The name change from pesticides to CPPs coincided with the internet boom of the 1990s when the world was going online. Since only those in agriculture were using the term CPPs, whereas the public (and eco-activists) continued to use the word pesticides, internet browser searches for the word “pesticide” would primarily top-list websites that were unfavorable to pesticides, and not ag groups’ webpages that were championing the importance of “crop protection products” (not “pesticides”) to food, fiber, bioenergy and public health protection. As a result, pesticides’ societal contributions were being sparsely highlighted in cyberspace. There is a new industry movement to call pesticides “pesticides” again. The rebirth and importance of using the word “pesticides” and how to recast the public discussion of them is a campaign CropLife America (CLA)—the national association representing pesticide manufacturers—is working on. In 2019 and 2021, CLA held multiple focus groups in six U.S. cities to gauge urban and suburbanites on their knowledge and opinions of pesticides and what information resonated positively with them about pesticides. (See “Persuasive Pesticide Messaging,” Agricultural Aviation, Spring 2022.)

A portrait photographic headshot of Kim Breshears smiling
Potatoes USA
By Kim Breshears, Chief Marketing Officer
The Wait Is Over: Foodservice Sales Near Pre-Pandemic Levels
Cause to celebrate!
Foodservice is back! In fact, total sales in the foodservice sector have nearly rebounded to pre-pandemic levels and are expected to grow 5.5 percent in 2023. There is no denying that some of this growth is due to higher menu prices and inflation, but it’s also driven by consumer demand.

Through it all, potatoes maintained a place of prominence on menus across the U.S. According to Datassential, potatoes are one of the most consistently menued items showing up on 83 percent of menus nationwide, while the incidences have increased by 5 percent. Incidences is just a fancy word for the number of dishes on a menu that contain potatoes. This is impressive! Despite the turmoil restaurants have experienced during the pandemic, potatoes have grown in importance. Just one more indicator of how much the humble spud is beloved.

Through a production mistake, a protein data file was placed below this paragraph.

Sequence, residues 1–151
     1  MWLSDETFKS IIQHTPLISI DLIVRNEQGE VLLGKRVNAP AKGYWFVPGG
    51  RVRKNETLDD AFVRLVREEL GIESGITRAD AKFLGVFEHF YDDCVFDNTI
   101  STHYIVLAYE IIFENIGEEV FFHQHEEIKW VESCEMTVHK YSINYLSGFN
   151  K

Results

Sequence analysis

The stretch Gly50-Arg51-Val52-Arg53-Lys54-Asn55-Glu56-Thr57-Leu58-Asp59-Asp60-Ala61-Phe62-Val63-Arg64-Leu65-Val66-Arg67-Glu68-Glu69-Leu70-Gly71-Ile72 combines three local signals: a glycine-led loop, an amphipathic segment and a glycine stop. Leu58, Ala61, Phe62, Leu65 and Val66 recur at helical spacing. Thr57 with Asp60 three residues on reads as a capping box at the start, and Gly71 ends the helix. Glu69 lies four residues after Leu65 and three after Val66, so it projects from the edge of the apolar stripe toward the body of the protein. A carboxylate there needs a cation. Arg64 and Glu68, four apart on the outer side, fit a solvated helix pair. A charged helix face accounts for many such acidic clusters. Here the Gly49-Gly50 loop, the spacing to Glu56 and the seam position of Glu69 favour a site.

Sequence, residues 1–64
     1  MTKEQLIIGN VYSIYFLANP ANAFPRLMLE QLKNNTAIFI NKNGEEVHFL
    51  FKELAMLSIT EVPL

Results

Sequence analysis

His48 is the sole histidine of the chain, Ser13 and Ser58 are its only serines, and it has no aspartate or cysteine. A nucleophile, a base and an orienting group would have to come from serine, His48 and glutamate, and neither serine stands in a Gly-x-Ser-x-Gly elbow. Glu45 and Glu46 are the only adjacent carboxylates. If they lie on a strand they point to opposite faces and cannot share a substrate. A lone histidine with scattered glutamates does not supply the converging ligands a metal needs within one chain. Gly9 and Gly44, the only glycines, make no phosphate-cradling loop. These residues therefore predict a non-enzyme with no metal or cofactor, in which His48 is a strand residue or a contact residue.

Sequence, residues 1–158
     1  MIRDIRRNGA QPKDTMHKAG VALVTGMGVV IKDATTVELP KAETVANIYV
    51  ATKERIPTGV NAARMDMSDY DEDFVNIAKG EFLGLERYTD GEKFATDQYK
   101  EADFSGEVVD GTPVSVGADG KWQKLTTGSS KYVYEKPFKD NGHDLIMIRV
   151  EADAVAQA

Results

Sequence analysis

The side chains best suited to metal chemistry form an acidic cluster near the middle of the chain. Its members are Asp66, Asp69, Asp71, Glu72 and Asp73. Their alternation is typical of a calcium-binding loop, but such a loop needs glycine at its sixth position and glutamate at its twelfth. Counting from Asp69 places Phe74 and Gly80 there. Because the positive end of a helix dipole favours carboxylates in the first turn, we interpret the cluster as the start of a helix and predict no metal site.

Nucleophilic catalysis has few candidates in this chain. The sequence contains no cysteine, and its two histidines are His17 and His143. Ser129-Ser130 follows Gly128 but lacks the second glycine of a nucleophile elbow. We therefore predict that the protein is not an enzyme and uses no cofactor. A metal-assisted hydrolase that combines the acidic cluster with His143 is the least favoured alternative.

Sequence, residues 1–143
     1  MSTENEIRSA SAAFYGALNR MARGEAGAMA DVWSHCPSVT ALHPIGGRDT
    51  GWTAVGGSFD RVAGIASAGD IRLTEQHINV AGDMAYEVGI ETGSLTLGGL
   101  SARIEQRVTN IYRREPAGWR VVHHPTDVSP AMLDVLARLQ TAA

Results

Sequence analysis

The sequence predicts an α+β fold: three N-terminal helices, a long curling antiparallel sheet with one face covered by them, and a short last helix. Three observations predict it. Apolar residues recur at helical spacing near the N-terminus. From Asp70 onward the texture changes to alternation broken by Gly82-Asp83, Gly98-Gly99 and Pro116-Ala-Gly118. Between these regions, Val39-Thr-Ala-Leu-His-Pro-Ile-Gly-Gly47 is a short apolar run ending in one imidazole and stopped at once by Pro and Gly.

A headshot of Kam Quarles grinning in a blue suit

National Potato Council

By Kam Quarles, CEO

Standing Together At NPC’s Washington Summit

Event will host political, policy experts

We hope to see you next month in D.C. as we unite as an industry to “Stand Up for Potatoes on Capitol Hill!”

Mark the dates and register to join us for the National Potato Council’s 2023 Washington Summit, Feb. 27-March 3 at the Washington Marriott at Metro Center. With a divided Congress, new members on the House and Senate Agriculture Committees, and a 2023 Farm Bill on the horizon, this year’s Summit is a can’t miss event for anyone in the industry who wants to lend their voice to our policy priorities and work together to protect the future of the potato industry.

As D.C. began returning to normal operations, the 2022 Summit was one of the first opportunities for elected officials to meet with a large constituent group like ours. During that event, attendees were joined by members of Congress who addressed their agriculture and small business priorities, and heard from potato industry attendees on their policy concerns. In attendance were Rep. Dan Newhouse (R-Wash.), Rep. Mike Simpson (R-Idaho), Rep. Frank Lucas (R-Okla.). and incoming House Agriculture Committee Chairman Rep. Glenn “GT” Thompson (R-Penn.). Additionally, during the annual Standing Up for Potatoes on Capitol Hill reception, attendees were joined by more than 16 members of Congress including Sen. John Boozman (R-Ark.) and long-time potato industry champion Sen. Susan Collins (R-Maine).